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8 hours ago, EdTheMythicalOne said:

I also think the value of the pick is how long of a successful career they had in the NFL. If you drafted a guy that hangs around the NFL for a decade and isn't a special teamer, even if he only played 4-5 seasons with your team, that was still a good pick because his longevity in the league proves you drafted a real player. I even think guys that didn't necessarily have their best performance until after the Ravens let them go are still good picks. There are times when players on the Ravens don't get to play much because of who is ahead of them.

Torrey was all about the salary and the situation the Ravens were in. Had they had the money they perhaps would have kept him. Paul Kruger was a bust and I wasn't sad to see him go at all. He cashed in big with the Browns and had only one good season for them and he stunk up the joint in New Orleans as well. I liked Jarret Johnson a lot, but it was time for him to move on. He was at the end of his career and had little left in the tank at that point. I think he had 1 or 2 decent seasons with San Diego.

But, like I said earlier, a lot of these guys who cashed in on long term big money second contracts did not live up to them which was mostly due to injuries.

I see your point and I agree. As I have said before, IMO one of our problems seems to be talent evaluation. A case could be made that its the same as drafting but its not the same in my mind. We seem to have a problem deciding who to keep and who to release after they have made the roster. I've seen some players who learned under our system move to other teams and be very successful. Darian Stewart is just one of several examples. I would have parted company with Matt Elam long ago. I realize that part of it is getting the most bang for the buck but it still seems to be part of a habitual bad habit, that is not recognizing who is a keeper and who is not.

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If this shows anything, the last 4 years have been tough. KC, Maxx, Jernigan, Brown have either been injured, not ready for action or are inconsistent. 

I am hoping for two home runs. Everyone wants the flashy guys, esp. Edge and corners back to back, but I'm hoping we trade up if a fringe 1st round talent comes within 5 or so picks. 

Key Round 2 targets:

Pat Eiflein- not a sexy pick, but he is versatile and a future anchor on the offensive line. Scouting report says he could have a Travis Frederick like impact on a line. 

Budda Baker- insanely gifted safety from UW who might be slightly undersized at 5'10, but plays like a young Eric Weddle. Great in coverage and a missile in the run game. Great instincts too with solid tackling abilities.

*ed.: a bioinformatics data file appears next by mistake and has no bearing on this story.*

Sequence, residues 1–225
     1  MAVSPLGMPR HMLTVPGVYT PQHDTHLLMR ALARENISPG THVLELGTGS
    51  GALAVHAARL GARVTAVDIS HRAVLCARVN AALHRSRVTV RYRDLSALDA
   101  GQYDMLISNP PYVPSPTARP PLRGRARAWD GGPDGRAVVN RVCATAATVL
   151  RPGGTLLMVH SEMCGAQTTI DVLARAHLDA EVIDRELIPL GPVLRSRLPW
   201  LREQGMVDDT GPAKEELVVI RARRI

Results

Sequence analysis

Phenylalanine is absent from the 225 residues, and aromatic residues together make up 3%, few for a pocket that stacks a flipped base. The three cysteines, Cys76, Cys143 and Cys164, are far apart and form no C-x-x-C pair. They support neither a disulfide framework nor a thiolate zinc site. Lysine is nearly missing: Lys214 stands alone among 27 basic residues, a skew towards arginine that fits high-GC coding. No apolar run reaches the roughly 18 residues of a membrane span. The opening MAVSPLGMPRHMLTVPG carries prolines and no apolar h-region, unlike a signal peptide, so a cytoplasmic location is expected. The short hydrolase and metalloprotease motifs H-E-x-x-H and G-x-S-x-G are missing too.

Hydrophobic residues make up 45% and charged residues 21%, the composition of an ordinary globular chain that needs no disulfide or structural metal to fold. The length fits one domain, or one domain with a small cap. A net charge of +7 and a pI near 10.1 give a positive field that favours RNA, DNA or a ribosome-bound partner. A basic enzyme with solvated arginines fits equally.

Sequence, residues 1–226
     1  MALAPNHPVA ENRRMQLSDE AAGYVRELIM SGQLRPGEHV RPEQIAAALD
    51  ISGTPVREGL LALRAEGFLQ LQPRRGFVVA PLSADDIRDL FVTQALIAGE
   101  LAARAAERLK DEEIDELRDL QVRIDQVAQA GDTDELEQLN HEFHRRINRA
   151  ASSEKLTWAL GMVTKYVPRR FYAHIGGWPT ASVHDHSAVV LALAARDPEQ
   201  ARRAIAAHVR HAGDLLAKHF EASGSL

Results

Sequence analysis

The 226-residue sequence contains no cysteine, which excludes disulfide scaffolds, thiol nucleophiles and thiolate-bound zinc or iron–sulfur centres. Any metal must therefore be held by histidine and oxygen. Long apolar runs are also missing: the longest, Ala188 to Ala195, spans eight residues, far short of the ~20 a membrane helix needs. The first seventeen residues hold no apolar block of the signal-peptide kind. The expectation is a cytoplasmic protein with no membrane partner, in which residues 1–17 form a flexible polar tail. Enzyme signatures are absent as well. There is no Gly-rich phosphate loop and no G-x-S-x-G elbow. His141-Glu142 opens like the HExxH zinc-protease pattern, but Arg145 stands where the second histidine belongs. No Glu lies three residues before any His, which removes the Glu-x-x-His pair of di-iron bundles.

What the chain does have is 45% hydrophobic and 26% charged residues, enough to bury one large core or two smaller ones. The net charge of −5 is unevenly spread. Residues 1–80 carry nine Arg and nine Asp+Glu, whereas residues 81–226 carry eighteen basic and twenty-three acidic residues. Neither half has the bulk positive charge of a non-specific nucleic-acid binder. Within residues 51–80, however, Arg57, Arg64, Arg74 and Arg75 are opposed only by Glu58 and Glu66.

Gareon Conley- I expect a handful of corners will go in round 1 and he will get lost in the chaos. He has size and fluidity to mirror in coverage. His effort in getting off blocks is suspect and he gets lost on assignments occasionally, but he is very good in man coverage and has the size to help him from getting owned like Shareece Wright. 

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13 hours ago, Ravensfan23 said:

He was drafted to help provide speed on the outside pass rush, which he still can honestly, not sure why some many seem to think he's just worthless outside, but while that was part of the role they wanted him to fill, from day one they lined him up at ILB and asked him to learn every LB position on the team and I think it eventually became too much for  him mentally. 

Going back to the pass rush aspect of things. Correa isn't a natural pass rusher and you knew that coming out of Bosie. He's an effort pass rusher and a guy who has a really good first step that allowed him to convert speed to power vs weaker OTs. However in the NFL he has to become much stronger, which he definitely can and he has to maintain that great motor. I said it before the Ravens drafted him and I'll say it now. He's almost Identical to Clay Matthews. If you look at Clay coming out of USC he wasn't and isn't a pure pass rusher like a Von Miller. The Packers moved him around and allowed him to blitz more so than just put his hands in the dirt or get in his bike stance and hunt. Clay has decent moves he can pull out every now and then but much of his production comes from effort and the fact that the Packers move him around to create favorable match-ups. The year they tried to make him a full time OLB, I think it was 11' he had probably his worse seasons because that's not his game. The same is true for Correa. When you draft a guy like that you must have a plan for him and I'm not sure Pees is the type of DC to have that type of plan. Not a bash Pees moment, just my opinion. The Ravens need to put KC in position where he's moving all over the defense and the offense doesn't know if he's dropping or blitzing. Just asking him to line up and rush vs OTs all game isn't gonna garner much success consistently. He's the type of guy you just allow to play like his hair is on fire, almost like a rover on defense. He's good enough against the run on the edge to play outside on early downs, but as a pass rusher he should be moved around but he doesn't possess pass rush moves that allow him to win consistently outside. Not saying he's Clay or even AD to give a hometown feel, but he has to be used like those guys or else it's just a waste. That's on the Ravens, not the player.